Special Issue "Cropping Systems: Implications on Climate and Environment"

A special issue of Agriculture (ISSN 2077-0472). This special issue belongs to the section "Agricultural Systems and Management".

Deadline for manuscript submissions: closed (15 September 2021).

Special Issue Editors

Dr. Luca Vitale
E-Mail Website
Guest Editor
Institute for Agricultural and Forestry Systems in the Mediterranean (ISAFoM), National Research Council of Italy-CNR, 80055 Portici, NA, Italy
Interests: agroecology; greenhouse gases; ecosystem carbon fluxes; crop ecology; crop physiology; nitrogen and carbon cycles
Special Issues, Collections and Topics in MDPI journals
Prof. Dr. Carmen Arena
E-Mail Website
Guest Editor
Department of Biology, University of Naples Federico II, Via Cinthia, 80126 Naples, Italy
Interests: plant ecology; photosynthetic regulation mechanisms; antioxidant defenses; photoprotective strategies; abiotic stress metabolic response
Special Issues, Collections and Topics in MDPI journals
Dr. Anna Tedeschi
E-Mail Website
Guest Editor
Institute of Biosciences and Bioresources (IBBR), National Research Council of Italy-CNR, 80055 Portici, Naples, Italy
Interests: soil salinity; saline water; crop production; abiotic stress; irrigation management; water use efficiency; sustainable agriculture; horticultural and fiber crops

Special Issue Information

Dear Colleagues,

Modern agricultural systems, characterized by intensive productions and soil utilization, have a deep impact on both climate and environment. A large number of management practices contribute to emissions in the atmosphere of trace gases affecting the climate. CO2, N2O, CH4, and water vapor represent the main greenhouse gases released in atmosphere by cropping systems and involved in the global warming; BVOC also have implications on climate by influencing chemistry and physics of the atmosphere.

Crop management may strongly affect the environment. More specifically, the intensive use of fertilizers and pesticides, as well as frequent and intense soil tillage to improve crop production, may alter all the environmental compartments. Among fertilizers, nitrogen-base compounds contribute more than others to greenhouse gas emissions from agriculture. The overuse of nitrogen fertilizers may result in nitrate leaching from the soil, thus determining groundwater pollution. In addition, the use of pesticides leads to a decline of soil fertility due to a reduced soil microbial activity. Finally, frequent soil tillage might negatively affect soil quality by altering soil structure, accelerating surface runoff, soil erosion and nutrient loss, and changing microorganisms’ activity.

In order to mitigate the impact of cropping systems on climate and environment, it is crucial to shift toward sustainable agriculture, merging the intensification of productions with environmental well-being. This goal can be achieved via a profound knowledge of soil–plant–atmosphere interactions and the use of eco-friendly agronomic practices.

This Special Issue will accept reviews and full and short research papers from a broad range of interdisciplinary research concerning agroecosystems and management practices, also including the impact of manure and tillage on soil, soil biota, and soil–plant interactions.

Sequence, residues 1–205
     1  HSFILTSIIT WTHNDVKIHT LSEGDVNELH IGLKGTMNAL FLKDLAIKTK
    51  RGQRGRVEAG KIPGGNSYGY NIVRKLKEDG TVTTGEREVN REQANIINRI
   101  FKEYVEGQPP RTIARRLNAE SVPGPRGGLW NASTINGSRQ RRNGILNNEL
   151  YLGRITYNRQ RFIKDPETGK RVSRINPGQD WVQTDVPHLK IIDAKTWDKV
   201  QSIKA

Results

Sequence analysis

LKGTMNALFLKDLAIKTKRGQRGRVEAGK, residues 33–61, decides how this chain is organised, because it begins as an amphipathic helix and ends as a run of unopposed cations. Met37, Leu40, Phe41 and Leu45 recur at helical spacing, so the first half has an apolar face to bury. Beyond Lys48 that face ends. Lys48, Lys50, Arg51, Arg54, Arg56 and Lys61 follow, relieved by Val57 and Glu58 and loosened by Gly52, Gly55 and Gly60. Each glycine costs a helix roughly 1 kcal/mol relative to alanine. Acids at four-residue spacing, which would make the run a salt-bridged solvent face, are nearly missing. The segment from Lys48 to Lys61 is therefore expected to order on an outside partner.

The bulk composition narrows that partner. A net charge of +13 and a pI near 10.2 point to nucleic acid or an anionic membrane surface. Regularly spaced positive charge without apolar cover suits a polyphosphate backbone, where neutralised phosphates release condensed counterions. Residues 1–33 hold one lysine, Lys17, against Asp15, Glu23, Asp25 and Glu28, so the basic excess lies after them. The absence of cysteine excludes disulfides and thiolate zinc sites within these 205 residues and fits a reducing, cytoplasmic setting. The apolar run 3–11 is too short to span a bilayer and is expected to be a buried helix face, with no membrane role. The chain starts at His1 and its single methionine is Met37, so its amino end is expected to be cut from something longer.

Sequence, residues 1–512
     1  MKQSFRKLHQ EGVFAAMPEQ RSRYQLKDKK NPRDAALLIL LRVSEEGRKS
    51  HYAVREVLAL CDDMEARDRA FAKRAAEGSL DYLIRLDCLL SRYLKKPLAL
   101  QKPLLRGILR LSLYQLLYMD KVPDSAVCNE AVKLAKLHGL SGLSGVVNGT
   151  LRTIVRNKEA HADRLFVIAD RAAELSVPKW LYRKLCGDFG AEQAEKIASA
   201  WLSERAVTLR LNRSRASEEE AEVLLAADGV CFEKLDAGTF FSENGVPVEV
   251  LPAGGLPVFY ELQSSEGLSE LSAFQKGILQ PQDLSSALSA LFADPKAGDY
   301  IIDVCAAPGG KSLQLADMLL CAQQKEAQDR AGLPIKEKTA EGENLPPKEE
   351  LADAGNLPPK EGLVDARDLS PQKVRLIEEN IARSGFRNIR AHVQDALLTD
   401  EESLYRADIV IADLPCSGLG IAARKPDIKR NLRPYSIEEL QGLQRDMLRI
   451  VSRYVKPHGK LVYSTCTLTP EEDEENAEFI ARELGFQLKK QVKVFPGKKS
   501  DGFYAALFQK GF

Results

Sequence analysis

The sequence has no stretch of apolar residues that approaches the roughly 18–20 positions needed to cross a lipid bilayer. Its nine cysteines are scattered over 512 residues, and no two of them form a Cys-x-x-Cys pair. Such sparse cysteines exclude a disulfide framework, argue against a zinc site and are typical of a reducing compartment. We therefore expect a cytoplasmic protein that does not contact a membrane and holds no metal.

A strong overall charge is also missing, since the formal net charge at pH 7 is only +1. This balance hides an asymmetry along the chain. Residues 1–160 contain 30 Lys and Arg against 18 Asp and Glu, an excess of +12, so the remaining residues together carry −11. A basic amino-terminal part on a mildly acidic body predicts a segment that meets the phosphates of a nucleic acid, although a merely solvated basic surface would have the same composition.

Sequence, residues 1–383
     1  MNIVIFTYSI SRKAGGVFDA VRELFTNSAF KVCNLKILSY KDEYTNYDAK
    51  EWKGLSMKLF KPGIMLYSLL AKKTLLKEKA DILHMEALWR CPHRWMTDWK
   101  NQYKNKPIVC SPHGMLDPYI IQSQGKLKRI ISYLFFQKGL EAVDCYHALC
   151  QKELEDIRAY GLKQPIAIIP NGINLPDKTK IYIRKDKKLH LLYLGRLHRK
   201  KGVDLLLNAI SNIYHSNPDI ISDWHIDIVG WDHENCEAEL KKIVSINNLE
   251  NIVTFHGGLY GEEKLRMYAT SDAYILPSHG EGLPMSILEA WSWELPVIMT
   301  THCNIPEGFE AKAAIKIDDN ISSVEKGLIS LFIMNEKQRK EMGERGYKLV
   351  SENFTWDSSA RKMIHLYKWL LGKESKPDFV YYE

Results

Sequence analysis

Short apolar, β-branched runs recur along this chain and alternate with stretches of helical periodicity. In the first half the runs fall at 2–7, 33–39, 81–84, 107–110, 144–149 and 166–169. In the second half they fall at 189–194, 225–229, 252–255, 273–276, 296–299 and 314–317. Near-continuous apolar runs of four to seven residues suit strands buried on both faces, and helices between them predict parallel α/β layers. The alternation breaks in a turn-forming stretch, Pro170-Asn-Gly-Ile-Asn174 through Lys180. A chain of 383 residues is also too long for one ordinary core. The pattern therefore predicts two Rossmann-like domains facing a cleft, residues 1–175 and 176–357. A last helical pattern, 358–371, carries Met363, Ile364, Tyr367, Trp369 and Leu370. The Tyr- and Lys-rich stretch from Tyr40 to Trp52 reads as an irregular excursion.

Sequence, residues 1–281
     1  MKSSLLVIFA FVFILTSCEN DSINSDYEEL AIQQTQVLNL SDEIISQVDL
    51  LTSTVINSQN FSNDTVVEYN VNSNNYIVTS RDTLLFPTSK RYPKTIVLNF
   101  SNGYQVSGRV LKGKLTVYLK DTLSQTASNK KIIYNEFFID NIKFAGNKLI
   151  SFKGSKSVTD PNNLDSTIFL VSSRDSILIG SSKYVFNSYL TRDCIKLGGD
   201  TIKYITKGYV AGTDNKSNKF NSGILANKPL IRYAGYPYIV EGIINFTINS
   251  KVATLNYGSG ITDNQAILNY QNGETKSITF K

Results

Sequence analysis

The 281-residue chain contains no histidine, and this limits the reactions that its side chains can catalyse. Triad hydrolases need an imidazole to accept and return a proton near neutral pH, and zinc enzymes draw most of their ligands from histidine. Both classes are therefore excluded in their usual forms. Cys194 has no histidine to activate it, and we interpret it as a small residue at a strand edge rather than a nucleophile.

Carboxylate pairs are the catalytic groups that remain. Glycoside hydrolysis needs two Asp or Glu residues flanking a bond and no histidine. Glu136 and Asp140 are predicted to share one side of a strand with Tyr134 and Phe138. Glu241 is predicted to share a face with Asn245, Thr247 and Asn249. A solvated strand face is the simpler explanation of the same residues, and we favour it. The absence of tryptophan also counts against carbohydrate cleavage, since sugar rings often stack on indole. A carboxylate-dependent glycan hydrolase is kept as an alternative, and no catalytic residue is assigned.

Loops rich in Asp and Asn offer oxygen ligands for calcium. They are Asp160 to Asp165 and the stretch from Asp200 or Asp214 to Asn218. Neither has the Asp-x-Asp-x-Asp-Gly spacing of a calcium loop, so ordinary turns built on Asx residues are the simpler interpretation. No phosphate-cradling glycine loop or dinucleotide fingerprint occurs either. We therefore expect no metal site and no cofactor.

Particularly welcome are research papers on the following topics:

  • Crop and soil management
  • Agroecology
  • Sustainable intensification of productions
  • Crop ecology
  • Mass and energy exchange between biosphere and atmosphere
  • Greenhouse gases

Dr. Luca Vitale
Dr. Carmen Arena
Dr. Anna Tedeschi
Guest Editors

Manuscript Submission Information

Manuscripts should be submitted online at www.mdpi.com by registering and logging in to this website. Once you are registered, click here to go to the submission form. Manuscripts can be submitted until the deadline. All papers will be peer-reviewed. Accepted papers will be published continuously in the journal (as soon as accepted) and will be listed together on the special issue website. Research articles, review articles as well as short communications are invited. For planned papers, a title and short abstract (about 100 words) can be sent to the Editorial Office for announcement on this website.

Submitted manuscripts should not have been published previously, nor be under consideration for publication elsewhere (except conference proceedings papers). All manuscripts are thoroughly refereed through a single-blind peer-review process. A guide for authors and other relevant information for submission of manuscripts is available on the Instructions for Authors page. Agriculture is an international peer-reviewed open access monthly journal published by MDPI.

Please visit the Instructions for Authors page before submitting a manuscript. The Article Processing Charge (APC) for publication in this open access journal is 1800 CHF (Swiss Francs). Submitted papers should be well formatted and use good English. Authors may use MDPI's English editing service prior to publication or during author revisions.

Keywords

  • BVOC emissions
  • Soil microorganisms
  • CO2, CH4, N2O emissions
  • Crop productivity
  • Irrigation
  • Nitrogen fertilization
  • Tillage
  • Organic manure
  • Plant growth promoting bacteria
  • Arbuscular mycorrhizal fungi
  • Biostimulants
  • Agronomic techniques

Published Papers (7 papers)

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Research

Article
Microbiological Nitrogen Transformations in Soil Treated with Pesticides and Their Impact on Soil Greenhouse Gas Emissions
Agriculture 2021, 11(8), 787; https://doi.org/10.3390/agriculture11080787 - 17 Aug 2021
Viewed by 965
Abstract
Research was conducted in connection with the pressure exerted by man on the environment through the use of pesticides. The aim of the study was to assess the impact of pesticides on soil and to evaluate the effect of these changes on greenhouse [...] Read more.
Research was conducted in connection with the pressure exerted by man on the environment through the use of pesticides. The aim of the study was to assess the impact of pesticides on soil and to evaluate the effect of these changes on greenhouse gas emissions into the atmosphere. The research was carried out on soil sown with oilseed rape. The activity of protease and urease, ammonification, nitrification in soil, as well as CO2 (carbon dioxide) and N2O (nitrous oxide) gas emissions from soil were assessed. The analyses were carried out directly after harvest and 2 months after. Pesticides most frequently negatively affected the tested parameters, in particular enzymatic activities. Of the two herbicides used, Roundup had a stronger negative impact on microbial activity. The application of pesticides, especially the fungicide, resulted in an increase in gas emissions to the atmosphere over time. Pesticides disturbed soil environmental balance, probably interfering with qualitative and quantitative relationships of soil microorganism populations and their metabolic processes. This led to the accumulation of microbial activity products in the form of, among others, gases which contribute to the greenhouse effect by escaping from the soil into the atmosphere. Full article